Remote Sensing and GIS in Digital Terrain Modeling

  • G. P. Obi Reddy
Part of the Geotechnologies and the Environment book series (GEOTECH, volume 21)


Topography is an important land surface characteristic that affects most aspects of the water balance in a catchment, including the generation of surface and subsurface runoff, the flow paths followed by water as it moves down and through hillslopes, and the rate of water movement. Topographic attributes derived from digital elevation models (DEMs) and automated terrain analyses are increasingly used in terrain analysis and geomorphological research. DEM is convenient for representing the continuously varying topographic surface of the Earth, and it is a common data source for terrain analysis and other spatial applications. The utility of the DEM is evidenced by widespread availability of satellite-based DEMs at different resolutions and by the ever-increasing list of uses from DEM. Common terrain attributes, which could be computed from a DEM include slope gradient, slope aspect, slope curvature, upslope length, specific catchment area, compound topographic index (CTI) etc. One of the most limiting factors of the use of the DEM is its accuracy and spatial resolution. DEM of different resolutions could be used to derive DEM-based attributes, which could be used to investigate and evaluate resources like soil, water, vegetation, etc., in given landscape. In digital terrain modeling, predictive relationships developed at one scale might not be much useful for prediction of variables at different scales. That may limit the use of terrain variables developed for large scale in small-scale studies.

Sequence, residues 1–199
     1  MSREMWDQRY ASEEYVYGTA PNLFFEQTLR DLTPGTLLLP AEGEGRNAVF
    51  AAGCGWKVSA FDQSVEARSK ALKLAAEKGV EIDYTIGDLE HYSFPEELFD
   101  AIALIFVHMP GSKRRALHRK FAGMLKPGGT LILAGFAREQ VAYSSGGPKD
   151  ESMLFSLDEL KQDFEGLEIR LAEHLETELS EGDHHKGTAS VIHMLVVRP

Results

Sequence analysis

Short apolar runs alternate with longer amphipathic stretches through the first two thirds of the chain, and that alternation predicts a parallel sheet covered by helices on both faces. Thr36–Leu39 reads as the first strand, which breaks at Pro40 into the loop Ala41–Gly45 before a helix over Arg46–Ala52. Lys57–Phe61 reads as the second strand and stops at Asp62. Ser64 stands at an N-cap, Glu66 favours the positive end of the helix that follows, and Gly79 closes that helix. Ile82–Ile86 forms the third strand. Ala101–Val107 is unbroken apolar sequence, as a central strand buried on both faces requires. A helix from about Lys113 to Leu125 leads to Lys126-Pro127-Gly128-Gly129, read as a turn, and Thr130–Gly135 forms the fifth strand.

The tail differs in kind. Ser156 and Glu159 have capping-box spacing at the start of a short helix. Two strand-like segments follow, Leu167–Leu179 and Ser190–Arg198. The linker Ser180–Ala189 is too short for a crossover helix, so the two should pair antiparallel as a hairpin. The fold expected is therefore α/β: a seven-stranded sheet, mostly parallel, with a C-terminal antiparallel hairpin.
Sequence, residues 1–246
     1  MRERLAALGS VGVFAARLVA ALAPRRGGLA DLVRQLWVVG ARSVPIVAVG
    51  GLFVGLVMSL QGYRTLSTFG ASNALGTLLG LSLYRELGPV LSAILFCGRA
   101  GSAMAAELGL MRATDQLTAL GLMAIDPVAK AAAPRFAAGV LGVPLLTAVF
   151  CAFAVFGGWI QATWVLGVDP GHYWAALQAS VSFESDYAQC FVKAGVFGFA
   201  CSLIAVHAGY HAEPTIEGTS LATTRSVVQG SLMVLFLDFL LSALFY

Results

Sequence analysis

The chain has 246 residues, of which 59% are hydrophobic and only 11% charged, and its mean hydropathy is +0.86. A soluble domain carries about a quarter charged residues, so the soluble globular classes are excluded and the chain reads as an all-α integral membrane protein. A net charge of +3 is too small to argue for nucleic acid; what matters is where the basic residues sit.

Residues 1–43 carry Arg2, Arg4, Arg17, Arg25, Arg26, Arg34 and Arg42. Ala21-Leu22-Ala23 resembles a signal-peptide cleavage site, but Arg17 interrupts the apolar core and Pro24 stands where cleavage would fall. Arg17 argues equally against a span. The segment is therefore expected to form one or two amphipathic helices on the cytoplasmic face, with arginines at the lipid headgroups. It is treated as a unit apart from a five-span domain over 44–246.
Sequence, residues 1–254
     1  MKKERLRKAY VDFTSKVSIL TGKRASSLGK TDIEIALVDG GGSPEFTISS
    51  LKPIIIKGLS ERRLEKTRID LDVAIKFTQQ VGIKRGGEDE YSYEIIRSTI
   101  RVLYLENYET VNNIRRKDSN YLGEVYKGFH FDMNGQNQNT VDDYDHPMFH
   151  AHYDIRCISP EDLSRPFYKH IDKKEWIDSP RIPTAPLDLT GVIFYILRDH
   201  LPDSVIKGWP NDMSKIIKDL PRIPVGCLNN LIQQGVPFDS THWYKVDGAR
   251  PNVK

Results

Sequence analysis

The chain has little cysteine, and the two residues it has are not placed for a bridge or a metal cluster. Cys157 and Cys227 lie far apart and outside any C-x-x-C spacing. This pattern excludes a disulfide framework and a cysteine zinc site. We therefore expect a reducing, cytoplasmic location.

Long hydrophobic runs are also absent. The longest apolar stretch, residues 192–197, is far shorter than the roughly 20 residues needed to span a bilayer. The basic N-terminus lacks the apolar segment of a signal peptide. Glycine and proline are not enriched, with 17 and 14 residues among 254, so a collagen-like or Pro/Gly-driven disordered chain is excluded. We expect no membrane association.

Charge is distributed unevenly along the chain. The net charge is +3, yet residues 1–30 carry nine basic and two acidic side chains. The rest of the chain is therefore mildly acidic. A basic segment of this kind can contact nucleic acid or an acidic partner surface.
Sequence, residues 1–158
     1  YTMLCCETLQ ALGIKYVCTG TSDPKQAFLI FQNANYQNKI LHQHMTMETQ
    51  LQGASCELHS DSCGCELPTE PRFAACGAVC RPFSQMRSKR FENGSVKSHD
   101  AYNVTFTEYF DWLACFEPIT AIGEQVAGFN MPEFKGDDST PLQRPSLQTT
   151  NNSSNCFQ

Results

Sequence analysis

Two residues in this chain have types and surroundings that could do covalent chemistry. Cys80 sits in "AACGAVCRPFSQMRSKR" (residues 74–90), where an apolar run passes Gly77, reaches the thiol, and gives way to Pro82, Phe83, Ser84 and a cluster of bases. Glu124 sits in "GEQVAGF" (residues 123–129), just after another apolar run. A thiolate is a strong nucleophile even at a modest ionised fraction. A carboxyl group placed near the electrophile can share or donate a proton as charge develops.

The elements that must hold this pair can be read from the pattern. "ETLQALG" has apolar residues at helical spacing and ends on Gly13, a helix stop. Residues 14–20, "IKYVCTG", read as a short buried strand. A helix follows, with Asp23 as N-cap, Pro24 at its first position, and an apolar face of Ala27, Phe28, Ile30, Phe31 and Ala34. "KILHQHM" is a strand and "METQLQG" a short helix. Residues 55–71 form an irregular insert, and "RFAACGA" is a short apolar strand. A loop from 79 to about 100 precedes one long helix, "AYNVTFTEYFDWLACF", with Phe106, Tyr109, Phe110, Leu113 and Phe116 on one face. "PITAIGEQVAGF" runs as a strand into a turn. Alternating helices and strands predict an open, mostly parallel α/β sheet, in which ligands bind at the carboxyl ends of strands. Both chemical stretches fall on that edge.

Digital terrain analysis Digital elevation model Geographic information system Remote sensing Terrain attributes 


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© Springer International Publishing AG, part of Springer Nature 2018

Authors and Affiliations

  • G. P. Obi Reddy
    • 1
  1. 1.ICAR-National Bureau of Soil Survey & Land Use PlanningNagpurIndia

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